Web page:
Obesity in perimenopause — current treatment options based on pathogenetic factors


Dominik Porada, Jakub Gołacki, Beata Matyjaszek-Matuszek

The health of post-menopausal women has become of paramount concern due to the aging of the world’s population. Concurrently, the prevalence of obesity among postmenopausal women is expected to increase, presenting a significant public health challenge. Although weight gain during menopause is a well-observed phenomenon, its underlying causes and mechanisms remain incompletely understood. This manuscript reviews the literature to explore potential hormonal factors and pathomechanisms contributing to obesity during perimenopause, aiming to identify pathogenic factors that can guide treatment selection. Menopause-induced hormonal changes, including hypoestrogenaemia, hypergonadotropinaemia, relative hyperandrogenaemia, growth hormone deficiency, leptin resistance, and chronic stress affecting the hypothalamic-pituitary-adrenal axis, have been implicated in the onset of obesity in perimenopausal women. These hormonal fluctuations, alongside lowered daily energy expenditure, lead to metabolic alterations that elevate the risk of developing metabolic disorders and cardiovascular diseases. Weight gain in perimenopausal women is associated with higher total and abdominal adipose tissue and lower lean body mass. Addressing this issue requires individualized behavioural management, supported by effective pharmacological therapy, and, when warranted, complemented by bariatric surgery. Modern obesity treatment therapies have demonstrated safety and efficacy in clinical trials, offering the potential to reduce excess body fat, improve metabolic profiles, lower cardiovascular risk, and enhance the quality and longevity of women’s lives. In addition to standard obesity therapies, the article examines different treatment strategies based on obesity’s pathogenic factors, which may offer promising options for treating obesity with or without complications in perimenopausal women. One such potential approach is menopausal hormone therapy (MHT), which hypothetically targets visceral obesity by reducing visceral adipose tissue accumulation, preserving metabolically active lean body mass, and improving lipid profiles. However, despite these reported benefits, gynaecological and endocrinological societies currently do not recommend the use of MHT for obesity prevention or treatment, necessitating further research for validation. Emerging evidence suggests that visceral obesity could result from hypoestrogenaemia during perimenopause, potentially justifying the use of MHT as a causal treatment. This highlights the importance of advancing research efforts to unravel the intricate hormonal and metabolic changes that occur during perimenopause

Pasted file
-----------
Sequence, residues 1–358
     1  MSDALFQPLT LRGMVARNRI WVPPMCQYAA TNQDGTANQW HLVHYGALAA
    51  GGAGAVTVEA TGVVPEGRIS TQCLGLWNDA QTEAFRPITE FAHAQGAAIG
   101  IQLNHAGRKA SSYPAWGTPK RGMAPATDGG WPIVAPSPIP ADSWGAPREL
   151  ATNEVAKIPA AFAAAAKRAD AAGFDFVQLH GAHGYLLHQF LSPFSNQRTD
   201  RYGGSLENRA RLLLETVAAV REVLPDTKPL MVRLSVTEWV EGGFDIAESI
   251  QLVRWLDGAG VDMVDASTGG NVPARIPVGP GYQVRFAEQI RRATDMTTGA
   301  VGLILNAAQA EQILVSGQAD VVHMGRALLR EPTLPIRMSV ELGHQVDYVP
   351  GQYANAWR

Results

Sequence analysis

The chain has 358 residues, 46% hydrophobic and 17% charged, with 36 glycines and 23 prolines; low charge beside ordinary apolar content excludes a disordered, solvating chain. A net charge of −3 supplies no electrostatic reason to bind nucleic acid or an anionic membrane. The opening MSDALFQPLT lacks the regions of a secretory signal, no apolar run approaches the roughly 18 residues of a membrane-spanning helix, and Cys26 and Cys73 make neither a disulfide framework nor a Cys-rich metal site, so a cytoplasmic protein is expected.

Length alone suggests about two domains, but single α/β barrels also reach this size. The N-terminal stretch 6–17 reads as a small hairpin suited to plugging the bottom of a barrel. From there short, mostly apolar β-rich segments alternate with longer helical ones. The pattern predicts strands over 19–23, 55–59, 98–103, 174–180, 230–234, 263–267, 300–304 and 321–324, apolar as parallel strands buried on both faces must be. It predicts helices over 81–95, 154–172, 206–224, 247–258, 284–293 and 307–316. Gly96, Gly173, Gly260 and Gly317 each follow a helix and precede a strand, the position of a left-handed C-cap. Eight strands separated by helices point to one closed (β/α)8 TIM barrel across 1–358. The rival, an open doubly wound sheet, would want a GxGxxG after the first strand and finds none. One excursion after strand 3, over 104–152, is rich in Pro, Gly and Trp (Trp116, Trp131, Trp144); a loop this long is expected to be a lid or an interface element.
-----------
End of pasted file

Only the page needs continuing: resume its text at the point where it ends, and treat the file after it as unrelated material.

and their role in obesity development.

menopause; perimenopause; obesity; pharmacotherapy; menopausal hormone therapy

Full publication in Endokrynologia Polska »